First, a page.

While we did see three copulation attempts on the first day that the bears were together, because breeding didn’t continue past the first day, it is likely that these were simply dominance or bonding behavior. This was not surprising to us. Given Billie Jean’s age—she turned three in December—we thought it likely that she was not yet fully reproductive and that we may not see breeding until the following year or even later. We will keep an eye on her in the coming months and keep our fingers crossed for a baby bear or two.
Spectacled bears are the closest relative of the giant panda, with which they share taxonomic similarities, including a “false thumb.” The “false thumb” and other adaptations make spectacled bears uniquely designed for climbing and navigating steep elevations. Possibly the most arboreal of all bears, and agile climbers, these bears ascend trees in search of fruit and bromeliads and, when a food-bearing branch cannot support their weight, they bend the branches to reach the food. They use broken branches and leaves to build platform-like nests in which they may spend several days awaiting the ripening of nearby fruit. Mother bears teach cubs to reach the highest, most nutritious foods and, instinctive climbers, the relatively precocious cubs begin foraging for food with their mothers within a few months of their birth.
It is not uncommon to see spectacled bears in zoos build ground nests using sticks, grasses, and other nesting materials (a natural behavior in the wild). One may also see a spectacled bear in a zoo drag materials such as hay or wood wool into a tree to nest upon. However, it is highly unusual to see a zoo bear nest building exactly as one would do in the wild. (I’ve never seen it or heard about it happening.)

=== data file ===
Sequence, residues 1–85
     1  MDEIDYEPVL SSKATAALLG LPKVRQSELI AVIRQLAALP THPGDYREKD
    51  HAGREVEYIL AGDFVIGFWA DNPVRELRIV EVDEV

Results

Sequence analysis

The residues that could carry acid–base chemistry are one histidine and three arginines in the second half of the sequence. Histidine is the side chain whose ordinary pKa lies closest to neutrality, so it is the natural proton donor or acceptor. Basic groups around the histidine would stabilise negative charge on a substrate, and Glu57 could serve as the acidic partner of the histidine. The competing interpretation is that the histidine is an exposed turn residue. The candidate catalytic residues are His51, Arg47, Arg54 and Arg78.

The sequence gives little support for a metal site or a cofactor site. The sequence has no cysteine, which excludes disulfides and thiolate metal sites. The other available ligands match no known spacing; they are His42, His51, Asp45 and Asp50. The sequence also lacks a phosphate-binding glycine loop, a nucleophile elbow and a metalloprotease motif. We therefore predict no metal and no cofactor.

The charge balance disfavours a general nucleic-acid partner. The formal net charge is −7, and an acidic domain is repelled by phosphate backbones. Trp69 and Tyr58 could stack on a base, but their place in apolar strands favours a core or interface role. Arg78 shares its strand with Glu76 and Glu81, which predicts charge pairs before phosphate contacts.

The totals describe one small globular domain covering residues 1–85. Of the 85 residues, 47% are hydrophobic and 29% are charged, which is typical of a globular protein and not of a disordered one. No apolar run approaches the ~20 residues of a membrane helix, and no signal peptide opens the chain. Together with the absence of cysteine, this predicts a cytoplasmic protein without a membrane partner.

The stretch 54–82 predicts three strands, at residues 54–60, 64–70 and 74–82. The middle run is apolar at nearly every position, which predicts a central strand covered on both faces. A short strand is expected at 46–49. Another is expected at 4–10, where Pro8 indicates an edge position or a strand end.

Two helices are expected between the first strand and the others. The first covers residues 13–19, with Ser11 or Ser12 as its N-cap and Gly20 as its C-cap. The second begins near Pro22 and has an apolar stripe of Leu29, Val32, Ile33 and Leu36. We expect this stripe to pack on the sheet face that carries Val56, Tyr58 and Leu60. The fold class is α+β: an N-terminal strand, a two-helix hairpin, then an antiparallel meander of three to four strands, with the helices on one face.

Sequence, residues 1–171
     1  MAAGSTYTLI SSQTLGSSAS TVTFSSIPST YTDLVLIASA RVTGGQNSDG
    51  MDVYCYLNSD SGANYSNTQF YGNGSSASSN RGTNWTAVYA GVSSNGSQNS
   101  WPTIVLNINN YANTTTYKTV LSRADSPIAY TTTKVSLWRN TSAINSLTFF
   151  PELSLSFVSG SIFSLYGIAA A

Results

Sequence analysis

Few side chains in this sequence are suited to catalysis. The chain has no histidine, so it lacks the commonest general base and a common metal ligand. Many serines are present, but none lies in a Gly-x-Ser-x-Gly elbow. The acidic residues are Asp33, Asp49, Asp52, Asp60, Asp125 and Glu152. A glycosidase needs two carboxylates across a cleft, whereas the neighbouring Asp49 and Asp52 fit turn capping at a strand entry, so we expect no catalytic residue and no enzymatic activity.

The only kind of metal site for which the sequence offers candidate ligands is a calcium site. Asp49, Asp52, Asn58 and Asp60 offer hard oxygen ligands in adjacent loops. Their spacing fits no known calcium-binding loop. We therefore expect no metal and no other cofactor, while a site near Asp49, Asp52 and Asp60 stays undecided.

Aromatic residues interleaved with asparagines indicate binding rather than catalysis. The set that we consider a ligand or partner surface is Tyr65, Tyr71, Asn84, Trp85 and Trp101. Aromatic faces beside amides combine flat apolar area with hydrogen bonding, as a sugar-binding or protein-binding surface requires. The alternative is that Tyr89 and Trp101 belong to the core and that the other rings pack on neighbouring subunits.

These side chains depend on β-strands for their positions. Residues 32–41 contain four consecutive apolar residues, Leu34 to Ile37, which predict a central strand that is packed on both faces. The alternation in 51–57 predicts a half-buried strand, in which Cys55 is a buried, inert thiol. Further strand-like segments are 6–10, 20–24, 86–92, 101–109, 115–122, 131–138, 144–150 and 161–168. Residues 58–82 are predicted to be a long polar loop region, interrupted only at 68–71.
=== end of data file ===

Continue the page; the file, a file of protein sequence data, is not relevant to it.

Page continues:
The Zoo's Billie Jean is one special bear. She has built an authentic nest in one of the mulberry trees in her exhibit. She’s been known to spend hours at a time working on it. Researchers I know say it looks exactly like the nests that they’ve seen in the wild.
She began the behavior while in quarantine by piling up hay and other nesting items on top of her inside den. Once she was given yard access, keepers stood bamboo upright within her climbing structure to give her the idea of building a nest at the top. Instead, she broke it up and took it to her ground nests. Then keepers tried putting nesting materials off the ground on the climbing structure and in the crooks of trees. Billie Jean sometimes took these materials to her ground nests, but at other times began adding materials to the elevated “nests.” She eventually graduated to creating her own nests high in the mulberry trees. The one she’s been working on recently can easily be seen from the public viewing area.
Spectacled, or Andean, bears are the second largest land mammal in South America behind only the tapir, and the largest South American carnivore. Spectacled bears are the only bear native to South America. They live in the Andes and outlying mountain ranges at elevations ranging from 250 to 4,750 meters, and are confirmed to exist in five countries, from western Venezuela south to Bolivia, with possible populations in two others. Each individual spectacled bear has it own distinctive set or “fingerprint” of distinct cream or whitish markings on its head, throat and chest. Learn more.